Steen Jakobsen
The Bank of Japan has abandoned quantitative easing and the European Central Bank may taper its bond-buying programme, so what is the role of central banks in 2017, asks Saxo Bank’s chief economist Steen Jakobsen.
Article / 14 July 2016 at 7:02 GMT

Morning Markets: Focus on Brexitland and the BoE

Deputy Editor /



  • UK: Bank of England Announcement & Minutes (1100 GMT)
  • Mexico: Bank of Mexico June 30 meeting minutes (1300 GMT)

Europe's leading bourses are expected to open narrowly mixed today on the heels of a cautious Asian session with the focus firmly fixed on the land of Brexit as Britain awakes to the first full day in office of its second ever female prime minister.

Despite exciting political developments – chiefly the appointment of arch-Brexiteer Boris Johnson as foreign secretary and the shuffling of Phillip Hammond over to the finance portfolio – traders will be more interested in the Bank of England monetary policy committee meeting. Mark Carney, BoE governor, is widely expected to announce an interest rate cut (perhaps as much as 50 basis points) to ward off some of the adverse effects of the UK's vote against European Union membership.  

According to the Financial Times, Bank of America Merrill Lynch is tipping a cut to 0.1% and says, bluntly: “They have nothing to gain by waiting: better to get ahead of the issue.” On the other hand, the freshly-minted chancellor of the exchequer has opted against a snap budget (such as his predecessor George Osborne flagged) telling Sky News "We’ll look carefully over the summer at the situation. I’m seeing the governor of the Bank of England this morning and we’ll take stock of where we are." Indeed, chancellor, and the rest of us will take stock of the situation at lunchtime when governor Carney takes the stage.

Finally, from the other side of the Atlantic comes news that presidential hopeful Donald Trump has overtaken Hillary Clinton in the crucial US swing states of Pennsylvania and Florida in the latest opinion poll. This causes us to wonder whether an increased likelihood (albeit still slight) that November could see The Donald voted in as president might give the Mexican central bank pause for thought. We might get a hint about current Mexican thinking in the meeting minutes due for release this afternoon...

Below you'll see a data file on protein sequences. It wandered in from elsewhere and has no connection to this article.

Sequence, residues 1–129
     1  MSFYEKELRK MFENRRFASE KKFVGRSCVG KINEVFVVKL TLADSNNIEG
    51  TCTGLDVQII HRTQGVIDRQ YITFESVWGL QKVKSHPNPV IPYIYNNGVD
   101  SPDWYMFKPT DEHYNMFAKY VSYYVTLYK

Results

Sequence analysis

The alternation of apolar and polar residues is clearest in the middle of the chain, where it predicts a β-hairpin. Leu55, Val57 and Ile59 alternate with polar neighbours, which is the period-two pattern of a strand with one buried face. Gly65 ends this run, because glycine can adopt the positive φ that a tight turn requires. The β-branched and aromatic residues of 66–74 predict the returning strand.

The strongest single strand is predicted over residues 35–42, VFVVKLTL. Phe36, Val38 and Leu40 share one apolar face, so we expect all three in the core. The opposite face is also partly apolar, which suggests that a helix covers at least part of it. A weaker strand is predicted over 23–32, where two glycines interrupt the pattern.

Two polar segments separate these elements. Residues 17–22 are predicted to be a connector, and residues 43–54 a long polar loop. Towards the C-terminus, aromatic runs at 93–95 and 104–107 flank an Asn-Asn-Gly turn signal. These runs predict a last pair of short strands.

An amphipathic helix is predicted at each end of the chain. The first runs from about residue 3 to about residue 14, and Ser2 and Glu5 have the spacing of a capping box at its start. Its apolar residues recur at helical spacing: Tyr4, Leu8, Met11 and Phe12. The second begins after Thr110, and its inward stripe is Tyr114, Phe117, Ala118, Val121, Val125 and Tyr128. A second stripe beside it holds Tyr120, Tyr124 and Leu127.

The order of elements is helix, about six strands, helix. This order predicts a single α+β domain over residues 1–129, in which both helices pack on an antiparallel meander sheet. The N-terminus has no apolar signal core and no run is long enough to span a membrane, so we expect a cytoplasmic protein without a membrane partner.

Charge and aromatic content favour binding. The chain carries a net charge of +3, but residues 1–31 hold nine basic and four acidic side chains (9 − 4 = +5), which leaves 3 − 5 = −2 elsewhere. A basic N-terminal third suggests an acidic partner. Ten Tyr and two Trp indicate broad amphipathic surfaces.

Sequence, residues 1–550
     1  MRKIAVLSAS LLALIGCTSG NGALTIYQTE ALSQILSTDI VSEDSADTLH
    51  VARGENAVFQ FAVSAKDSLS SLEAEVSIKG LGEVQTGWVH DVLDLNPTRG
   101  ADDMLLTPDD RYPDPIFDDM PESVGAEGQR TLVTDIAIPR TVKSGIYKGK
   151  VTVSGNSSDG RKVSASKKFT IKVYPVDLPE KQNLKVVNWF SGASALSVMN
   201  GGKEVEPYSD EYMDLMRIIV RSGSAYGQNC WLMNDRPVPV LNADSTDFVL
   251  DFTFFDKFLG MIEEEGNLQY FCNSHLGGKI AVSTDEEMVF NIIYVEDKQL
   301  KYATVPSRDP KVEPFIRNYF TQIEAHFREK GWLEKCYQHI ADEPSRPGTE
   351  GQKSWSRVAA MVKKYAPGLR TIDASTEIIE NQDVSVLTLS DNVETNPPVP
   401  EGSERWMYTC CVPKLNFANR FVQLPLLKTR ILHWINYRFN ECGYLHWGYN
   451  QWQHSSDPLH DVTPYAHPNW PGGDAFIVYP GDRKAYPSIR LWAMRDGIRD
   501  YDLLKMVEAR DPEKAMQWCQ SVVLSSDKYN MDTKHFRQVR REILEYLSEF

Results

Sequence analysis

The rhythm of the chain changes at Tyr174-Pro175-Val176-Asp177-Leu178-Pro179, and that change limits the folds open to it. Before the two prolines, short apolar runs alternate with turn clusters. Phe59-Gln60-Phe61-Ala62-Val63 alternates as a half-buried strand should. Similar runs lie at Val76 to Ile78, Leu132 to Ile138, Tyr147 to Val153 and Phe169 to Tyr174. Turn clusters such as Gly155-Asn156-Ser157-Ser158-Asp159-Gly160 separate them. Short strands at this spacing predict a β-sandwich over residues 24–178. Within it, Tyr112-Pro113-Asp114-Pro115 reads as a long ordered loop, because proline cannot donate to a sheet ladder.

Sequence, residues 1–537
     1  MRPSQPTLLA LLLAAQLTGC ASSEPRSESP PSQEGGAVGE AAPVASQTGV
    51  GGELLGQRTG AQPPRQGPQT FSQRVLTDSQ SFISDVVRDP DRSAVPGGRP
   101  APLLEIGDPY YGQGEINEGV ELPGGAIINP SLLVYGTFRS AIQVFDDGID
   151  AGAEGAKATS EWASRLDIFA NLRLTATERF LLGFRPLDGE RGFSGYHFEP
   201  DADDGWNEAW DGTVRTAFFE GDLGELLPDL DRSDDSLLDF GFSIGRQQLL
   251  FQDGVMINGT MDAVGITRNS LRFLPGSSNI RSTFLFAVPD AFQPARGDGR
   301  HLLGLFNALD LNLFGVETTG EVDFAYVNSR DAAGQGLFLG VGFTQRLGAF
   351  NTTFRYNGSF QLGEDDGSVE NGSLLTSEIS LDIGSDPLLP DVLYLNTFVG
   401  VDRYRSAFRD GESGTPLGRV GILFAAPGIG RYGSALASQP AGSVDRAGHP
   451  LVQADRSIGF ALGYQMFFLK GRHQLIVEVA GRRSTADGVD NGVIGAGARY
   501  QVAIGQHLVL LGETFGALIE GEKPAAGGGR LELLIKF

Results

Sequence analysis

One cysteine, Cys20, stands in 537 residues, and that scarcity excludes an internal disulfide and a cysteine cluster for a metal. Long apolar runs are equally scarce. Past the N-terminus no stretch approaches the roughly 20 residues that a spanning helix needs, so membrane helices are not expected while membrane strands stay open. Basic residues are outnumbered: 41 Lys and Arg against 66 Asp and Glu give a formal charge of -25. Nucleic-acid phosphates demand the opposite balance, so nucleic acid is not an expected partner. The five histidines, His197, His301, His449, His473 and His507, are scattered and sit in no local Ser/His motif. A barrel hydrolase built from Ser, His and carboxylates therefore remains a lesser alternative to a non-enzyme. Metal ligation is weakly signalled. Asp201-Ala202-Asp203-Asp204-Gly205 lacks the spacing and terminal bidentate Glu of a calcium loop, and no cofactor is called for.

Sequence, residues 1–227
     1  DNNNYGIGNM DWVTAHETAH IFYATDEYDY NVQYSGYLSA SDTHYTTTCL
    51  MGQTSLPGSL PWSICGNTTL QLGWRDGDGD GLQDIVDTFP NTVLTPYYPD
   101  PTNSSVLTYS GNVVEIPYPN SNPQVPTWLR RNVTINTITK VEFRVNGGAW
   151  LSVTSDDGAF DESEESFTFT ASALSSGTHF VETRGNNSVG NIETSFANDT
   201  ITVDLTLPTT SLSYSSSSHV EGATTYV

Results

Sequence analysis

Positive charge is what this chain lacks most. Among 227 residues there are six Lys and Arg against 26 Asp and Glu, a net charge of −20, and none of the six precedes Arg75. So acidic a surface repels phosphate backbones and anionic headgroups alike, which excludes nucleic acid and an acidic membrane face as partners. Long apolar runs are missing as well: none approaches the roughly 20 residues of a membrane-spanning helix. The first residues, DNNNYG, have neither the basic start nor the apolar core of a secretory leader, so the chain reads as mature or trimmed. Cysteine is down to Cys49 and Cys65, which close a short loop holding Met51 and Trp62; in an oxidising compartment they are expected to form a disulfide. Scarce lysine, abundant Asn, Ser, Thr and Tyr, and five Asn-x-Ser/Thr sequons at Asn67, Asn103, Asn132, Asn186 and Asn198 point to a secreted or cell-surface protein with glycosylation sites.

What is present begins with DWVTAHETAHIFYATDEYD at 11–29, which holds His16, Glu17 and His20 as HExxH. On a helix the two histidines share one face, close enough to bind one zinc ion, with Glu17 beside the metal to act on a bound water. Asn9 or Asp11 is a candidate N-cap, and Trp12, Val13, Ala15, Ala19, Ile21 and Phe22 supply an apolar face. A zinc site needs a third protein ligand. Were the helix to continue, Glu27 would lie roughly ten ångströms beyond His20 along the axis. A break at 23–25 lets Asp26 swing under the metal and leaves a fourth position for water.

Market signals

Asian session

  • New Zealand's business manufacturing index rose to 57.7 in June from 57.1 in May
  • Australia's inflation expectations rose in July to 3.7% from 3.5% in June
  • The country's unemployment rate came in at 5.8% with 7,900 jobs added
  • Today is a bank holiday in France for Bastille Day

Forex ahead

  • The US dollar gained ground against the yen; it was worth ¥104.4150 at 0226 GMT
  • The Aussie dollar rose on the strong employment data; it was worth 0.7627 at 0225 GMT

From the Floor

Asia momentum slows. “The rally is slowly losing steam," says Moltke-Leth

GBP lower? "We're not at the bottom of the cycle for sterling," says Hardy

Get all the latest from Saxo Bank's trading floors in From the Floor, within the hour.

In opinion

Focus will be on the Bank of England today as Governor Mark Carney is expected to cut rates for the first time in seven years on fears the country is at risk of a recession, writes James Picerno.

Breathing space
Stocks took a breather across Asia today, taking their lead from overnight global markets, following recent strong gains, writes Singapore's Saxo trading team.


 Will it or won't it? The Bank of England is widely expected to cut rates today. Photo: iStock 

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